Myth 3: Everybody needs threat intelligence.
7x彩票网app While threat intelligence can be sexy, security operations processes can't become "intelligence-aware" overnight. In fact, a drive for more intelligence can often be a distraction for security teams, especially when such intelligence is not operationalized. In these cases, the organizations would be better off focusing on security measures such as removing administrative rights and application whitelisting, and others that work effectively in near-complete absence of threat intelligence.

It is much easier to hook up new threat intelligence data feeds than to accelerate the change management process to help the organization quickly find an affected asset. However, more intelligence does not lead to more security, and there is an opportunity cost to an "intelligence pack-rat approach."

Related Content:

Check out The Edge, Dark Reading's new section for features, threat data, and in-depth perspectives. Today's top story: "In the Market for a MSSP? Ask These Questions First"

Anton is a recognized security expert in the field of log management, SIEM and PCI DSS compliance. He is the author of several books and serves on advisory boards of several security startups. Before joining Chronicle, Anton was a research vice president and Distinguished ... View Full Bio
Comment  | 
Print  | 
More Insights
Webcasts
More Webcasts
Reports
More Reports
Comments
Newest First  |  Oldest First  |  Threaded View
50%
50%
fredluis,
User Rank: Apprentice
1/7/2020 | 8:57:04 PM
FredLuis
Thanks for the information on this. I really enjoy the write up 
50%
50%
FortWorthPro,
User Rank: Apprentice
12/31/2019 | 9:41:38 PM
Re: 3 Modern Myths of Threat Intelligence
I agree with Joshua this was very informative and exactly what I was looking for. So surprised I never heard of this website until today. I guess because I'm always under a stove doing Fort Worth appliance repair services but I'll make sure to come back and read more articles when I have time after the New Years. 
50%
50%
joshuaprice153,
User Rank: Apprentice
12/11/2019 | 1:31:00 AM
3 Modern Myths of Threat Intelligence
This guide is so helpful and informative. You also added tips which is like a bonus to an already great article.
Why Companies Should Care about Data Privacy Day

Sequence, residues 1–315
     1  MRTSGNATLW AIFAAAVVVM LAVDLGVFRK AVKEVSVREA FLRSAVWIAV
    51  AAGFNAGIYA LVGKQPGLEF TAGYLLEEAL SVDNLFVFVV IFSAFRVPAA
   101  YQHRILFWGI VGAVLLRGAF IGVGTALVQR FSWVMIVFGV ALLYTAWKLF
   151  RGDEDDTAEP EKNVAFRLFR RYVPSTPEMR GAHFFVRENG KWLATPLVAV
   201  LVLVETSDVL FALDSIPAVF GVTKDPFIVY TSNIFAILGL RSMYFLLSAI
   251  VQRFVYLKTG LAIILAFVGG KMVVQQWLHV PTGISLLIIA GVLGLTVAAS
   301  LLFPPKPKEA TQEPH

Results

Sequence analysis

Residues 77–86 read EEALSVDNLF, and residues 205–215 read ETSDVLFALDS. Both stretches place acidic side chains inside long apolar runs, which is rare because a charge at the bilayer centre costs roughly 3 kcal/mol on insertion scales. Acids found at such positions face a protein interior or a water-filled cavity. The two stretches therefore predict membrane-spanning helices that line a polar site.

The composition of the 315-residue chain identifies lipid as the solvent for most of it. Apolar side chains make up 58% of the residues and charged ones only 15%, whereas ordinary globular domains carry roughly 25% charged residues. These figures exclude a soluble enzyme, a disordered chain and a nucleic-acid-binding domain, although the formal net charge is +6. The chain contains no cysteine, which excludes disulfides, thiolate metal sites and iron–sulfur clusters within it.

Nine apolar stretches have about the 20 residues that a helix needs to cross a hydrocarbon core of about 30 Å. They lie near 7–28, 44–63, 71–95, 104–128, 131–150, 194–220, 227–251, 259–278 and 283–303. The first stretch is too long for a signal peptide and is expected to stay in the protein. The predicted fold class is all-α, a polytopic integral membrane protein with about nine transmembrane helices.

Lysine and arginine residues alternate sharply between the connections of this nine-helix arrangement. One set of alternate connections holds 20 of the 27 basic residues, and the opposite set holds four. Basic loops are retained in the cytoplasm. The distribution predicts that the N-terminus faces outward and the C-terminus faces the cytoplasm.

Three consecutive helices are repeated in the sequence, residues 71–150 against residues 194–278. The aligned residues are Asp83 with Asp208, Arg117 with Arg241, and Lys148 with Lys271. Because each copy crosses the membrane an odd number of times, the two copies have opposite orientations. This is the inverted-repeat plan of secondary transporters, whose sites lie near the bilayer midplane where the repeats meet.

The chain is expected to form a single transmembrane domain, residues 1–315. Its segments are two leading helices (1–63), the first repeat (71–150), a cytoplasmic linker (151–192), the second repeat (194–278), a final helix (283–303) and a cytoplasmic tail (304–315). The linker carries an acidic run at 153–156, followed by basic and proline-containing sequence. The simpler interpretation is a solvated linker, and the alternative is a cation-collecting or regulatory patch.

Brad Shimmin, Distinguished Analyst,  1/29/2020
Greater Focus on Privacy Pays Off for Firms
Robert Lemos, Contributing Writer,  1/27/2020
Average Ransomware Payments More Than Doubled in Q4 2019
Jai Vijayan, Contributing Writer,  1/27/2020
Register for Dark Reading Newsletters
White Papers
Video
Cartoon Contest
Current Issue
IT 2020: A Look Ahead
Are you ready for the critical changes that will occur in 2020? We've compiled editor insights from the best of our network (Dark Reading, Data Center Knowledge, InformationWeek, ITPro Today and Network Computing) to deliver to you a look at the trends, technologies, and threats that are emerging in the coming year. Download it today!
Flash Poll
Organizations have invested in a sweeping array of security technologies to address challenges associated with the growing number of cybersecurity attacks. However, the complexity involved in managing these technologies is emerging as a major problem. Read this report to find out what your peers biggest security challenges are and the technologies they are using to address them.
7x彩票网app Feed
Dark Reading - Bug Report
Bug Report
Enterprise Vulnerabilities
From DHS/US-CERT's National Vulnerability Database

PUBLISHED: 2020-02-01
DrayTek Vigor2960 1.3.1_Beta; Vigor3900 1.4.4_Beta; and Vigor300B 1.3.3_Beta, 1.4.2.1_Beta, and 1.4.4_Beta devices allow remote code execution as root (without authentication) via shell metacharacters to the cgi-bin/mainfunction.cgi URI.

PUBLISHED: 2020-02-01
In IceWarp Webmail Server through 11.4.4.1, there is XSS in the /webmail/ color parameter.

PUBLISHED: 2020-01-31
Unrestricted file upload vulnerability in an unspecified third party tool in United Planet Intrexx Professional before 5.2 Online Update 0905 and 6.x before 6.0 Online Update 10 allows remote attackers to execute arbitrary code by uploading a file with an executable extension, then accessing it via ...

PUBLISHED: 2020-01-31
Heap-based buffer overflow in the getZip64Data function in Info-ZIP UnZip 6.0 and earlier allows remote attackers to execute arbitrary code via a crafted zip file in the -t command argument to the unzip command.

PUBLISHED: 2020-01-31
School Management Software PHP/mySQL through 2019-03-14 allows office_admin/?action=addadmin CSRF to add an administrative user.
66?????? 7072???? 7073???? 689????? 963???? 66????? 7073???? 7073???? 66???app 8????app